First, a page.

Tricky Terminology

The Top 10 Language Mistakes That Can Ruin Your Financial Document Translations (Tricky Terminology).

There are a number of ways you can translate a financial document. However, financial document translation is a tedious process that requires extensive research and an in-depth understanding of both the source and target languages.

Tricky Terminology

Tricky Terminology

Financial terminology is difficult enough to translate, let alone numbers, units, conversions, and the surrounding non-financial language of the documents, as well. If you’re going to engage in any kind of financial document translation, make sure you avoid these ten common mistakes.

Incorrect Conversions

Perhaps one of the most common mistakes you can make in your financial translation documents is to incorrectly convert units. Sometimes you can do this with language alone. Many terms exist that sound similar to what you want to say, but in another language, they mean completely different things.

Wrong Unit Name

Another problem that can occur is to use the wrong unit name. If you’re using an improper unit name, whether it’s for an amount of money or the size of a product, you can wind up in some pretty embarrassing and potentially costly situations.

Mistaking the Order of Words

Word order is crucial when it comes to translating documents, especially financial documents. If you’re going to translate a phrase, make sure your adjectives, nouns, and verbs are in the right order for the target language. Messing up the order can result in everything from comical errors to extremely detrimental misstatements.

Naming Digits Instead of Numbers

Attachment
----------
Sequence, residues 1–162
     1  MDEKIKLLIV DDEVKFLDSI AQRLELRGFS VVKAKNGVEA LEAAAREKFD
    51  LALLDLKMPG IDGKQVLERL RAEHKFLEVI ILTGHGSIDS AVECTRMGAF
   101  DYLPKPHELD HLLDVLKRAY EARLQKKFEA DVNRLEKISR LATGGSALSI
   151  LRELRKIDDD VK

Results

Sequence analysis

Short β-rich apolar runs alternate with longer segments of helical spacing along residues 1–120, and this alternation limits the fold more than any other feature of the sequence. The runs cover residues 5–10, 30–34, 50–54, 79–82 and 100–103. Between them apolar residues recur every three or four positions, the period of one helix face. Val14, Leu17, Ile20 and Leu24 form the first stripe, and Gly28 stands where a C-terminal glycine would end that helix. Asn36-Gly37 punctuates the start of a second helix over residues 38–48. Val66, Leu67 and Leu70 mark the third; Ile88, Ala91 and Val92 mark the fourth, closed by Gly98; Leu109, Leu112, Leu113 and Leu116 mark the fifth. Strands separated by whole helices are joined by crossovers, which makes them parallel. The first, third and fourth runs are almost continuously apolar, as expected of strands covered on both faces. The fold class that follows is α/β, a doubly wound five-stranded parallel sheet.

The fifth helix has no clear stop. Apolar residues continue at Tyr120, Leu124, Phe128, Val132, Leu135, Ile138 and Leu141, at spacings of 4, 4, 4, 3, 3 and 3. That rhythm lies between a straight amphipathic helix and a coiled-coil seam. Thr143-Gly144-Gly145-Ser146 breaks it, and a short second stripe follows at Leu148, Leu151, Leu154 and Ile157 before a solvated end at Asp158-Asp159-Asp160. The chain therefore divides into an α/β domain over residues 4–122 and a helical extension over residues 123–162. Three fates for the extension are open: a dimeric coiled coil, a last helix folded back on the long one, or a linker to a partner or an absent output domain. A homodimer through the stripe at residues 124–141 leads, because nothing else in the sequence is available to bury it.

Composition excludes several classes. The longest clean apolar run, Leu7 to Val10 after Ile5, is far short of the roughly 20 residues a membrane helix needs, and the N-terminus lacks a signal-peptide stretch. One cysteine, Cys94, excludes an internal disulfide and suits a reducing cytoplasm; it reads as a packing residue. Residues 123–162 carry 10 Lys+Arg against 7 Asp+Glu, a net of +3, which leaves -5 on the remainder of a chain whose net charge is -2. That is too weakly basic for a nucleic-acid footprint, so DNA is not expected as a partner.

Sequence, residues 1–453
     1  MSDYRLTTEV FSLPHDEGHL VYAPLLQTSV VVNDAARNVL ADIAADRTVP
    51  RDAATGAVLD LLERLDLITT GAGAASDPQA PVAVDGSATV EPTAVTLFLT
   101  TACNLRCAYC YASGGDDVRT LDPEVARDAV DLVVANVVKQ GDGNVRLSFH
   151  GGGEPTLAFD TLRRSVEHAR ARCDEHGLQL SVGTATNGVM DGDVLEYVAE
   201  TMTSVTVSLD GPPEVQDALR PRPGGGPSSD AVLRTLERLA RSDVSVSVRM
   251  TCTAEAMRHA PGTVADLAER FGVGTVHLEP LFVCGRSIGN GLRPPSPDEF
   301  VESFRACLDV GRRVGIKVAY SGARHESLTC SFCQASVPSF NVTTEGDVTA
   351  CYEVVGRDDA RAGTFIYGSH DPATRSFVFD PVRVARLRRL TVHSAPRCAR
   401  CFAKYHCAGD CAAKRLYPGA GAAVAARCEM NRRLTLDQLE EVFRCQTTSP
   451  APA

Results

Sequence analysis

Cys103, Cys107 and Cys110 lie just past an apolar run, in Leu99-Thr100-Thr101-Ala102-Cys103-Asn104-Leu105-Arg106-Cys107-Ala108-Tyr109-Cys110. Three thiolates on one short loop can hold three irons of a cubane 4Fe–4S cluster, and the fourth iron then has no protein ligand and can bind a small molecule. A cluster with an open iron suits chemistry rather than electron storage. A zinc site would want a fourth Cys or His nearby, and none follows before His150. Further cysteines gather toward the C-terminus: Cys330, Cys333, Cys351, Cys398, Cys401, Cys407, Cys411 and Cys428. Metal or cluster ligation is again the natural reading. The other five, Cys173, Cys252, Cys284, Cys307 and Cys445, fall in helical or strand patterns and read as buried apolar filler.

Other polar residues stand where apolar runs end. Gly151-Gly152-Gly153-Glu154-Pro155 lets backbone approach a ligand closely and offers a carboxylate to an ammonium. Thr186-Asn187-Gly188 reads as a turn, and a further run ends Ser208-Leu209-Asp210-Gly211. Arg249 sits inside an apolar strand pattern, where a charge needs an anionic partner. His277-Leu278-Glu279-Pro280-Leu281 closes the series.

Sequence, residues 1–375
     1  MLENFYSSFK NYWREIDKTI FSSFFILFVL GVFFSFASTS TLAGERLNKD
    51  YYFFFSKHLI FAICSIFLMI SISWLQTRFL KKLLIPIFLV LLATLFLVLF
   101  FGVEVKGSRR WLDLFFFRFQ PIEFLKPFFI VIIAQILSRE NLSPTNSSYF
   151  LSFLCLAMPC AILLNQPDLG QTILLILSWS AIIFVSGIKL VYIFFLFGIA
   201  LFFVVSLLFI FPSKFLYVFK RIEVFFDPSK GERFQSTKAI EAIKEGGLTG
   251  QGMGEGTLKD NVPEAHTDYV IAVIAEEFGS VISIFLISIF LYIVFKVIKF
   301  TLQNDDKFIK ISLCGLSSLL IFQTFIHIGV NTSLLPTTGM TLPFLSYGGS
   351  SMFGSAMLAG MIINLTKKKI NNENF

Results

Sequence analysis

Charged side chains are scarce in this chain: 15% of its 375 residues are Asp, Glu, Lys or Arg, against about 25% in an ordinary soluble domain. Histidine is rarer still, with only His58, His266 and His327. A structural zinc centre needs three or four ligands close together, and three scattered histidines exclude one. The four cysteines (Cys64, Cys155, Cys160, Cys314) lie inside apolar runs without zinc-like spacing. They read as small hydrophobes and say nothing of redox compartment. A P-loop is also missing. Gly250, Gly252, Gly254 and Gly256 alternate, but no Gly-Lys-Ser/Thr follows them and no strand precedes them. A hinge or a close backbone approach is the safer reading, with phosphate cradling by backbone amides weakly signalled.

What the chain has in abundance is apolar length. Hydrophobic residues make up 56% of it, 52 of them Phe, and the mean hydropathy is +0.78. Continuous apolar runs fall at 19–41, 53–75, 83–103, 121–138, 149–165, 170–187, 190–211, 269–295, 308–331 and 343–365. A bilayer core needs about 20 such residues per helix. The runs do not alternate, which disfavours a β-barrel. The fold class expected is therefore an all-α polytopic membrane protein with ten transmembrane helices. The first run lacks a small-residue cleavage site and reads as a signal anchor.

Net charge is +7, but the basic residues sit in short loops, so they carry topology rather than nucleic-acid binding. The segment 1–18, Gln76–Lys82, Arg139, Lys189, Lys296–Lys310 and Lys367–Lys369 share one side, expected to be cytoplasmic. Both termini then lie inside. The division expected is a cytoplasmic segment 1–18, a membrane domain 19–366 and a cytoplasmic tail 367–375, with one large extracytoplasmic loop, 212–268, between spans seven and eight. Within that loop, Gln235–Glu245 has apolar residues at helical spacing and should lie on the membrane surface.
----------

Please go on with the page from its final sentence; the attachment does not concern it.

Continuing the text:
“Two seven” and “twenty-seven” might look the same, or similar, when written numerically. However, they can result in vastly different values if you write them out incorrectly in your source language. Visit our blog.

Failing to Consider the Context

Without considering the context, you can wind up in a situation where you’re saying one thing but meaning quite another. Ask anyone who played Street Fighter II in 1992 and spent months trying to find a nonexistent character just because of a translation error that ignored context. Humorous when applied to a game, this same mistake applied to your financial documents could end in disaster.

Homophones That Aren’t: Not Knowing the Difference

Don’t assume all homophones actually mean what they sound like. For instance, the Spanish word intoxicado sounds like the English word intoxicated, or drunk. But it actually refers to poisoning.

Ignoring Cultural Meaning

Not only do you have to consider the linguistic context of your document, you also have to consider the cultural context. Many phrases and words only mean what you want them to mean if used in certain cultural situations. It’s important to understand the culture of the language you’re translating into.

Not Understanding Formality

You might be used to speaking very formally to your audience, but in another country formality might be seen as rude. Make sure you pay attention to the tone of your documents so you’re not offending your audience.

Ignoring Multiple Meanings

Many languages, particularly those which are character-based like Chinese, have multiple meanings for the same characters or character sets. It’s very important to understand that before attempting to literally translate your financial documents.

Ignoring Your Audience

A lot of translation is understanding your audience. It’s important to know what to highlight and what to minimize when drafting your financial documents.

Consulting with a transcreation company who can connect with local, linguistic, and cultural experts in the location of your target language can help you draft flawless financial documents that have the same meaning, effectiveness, and enforceability as the original document.

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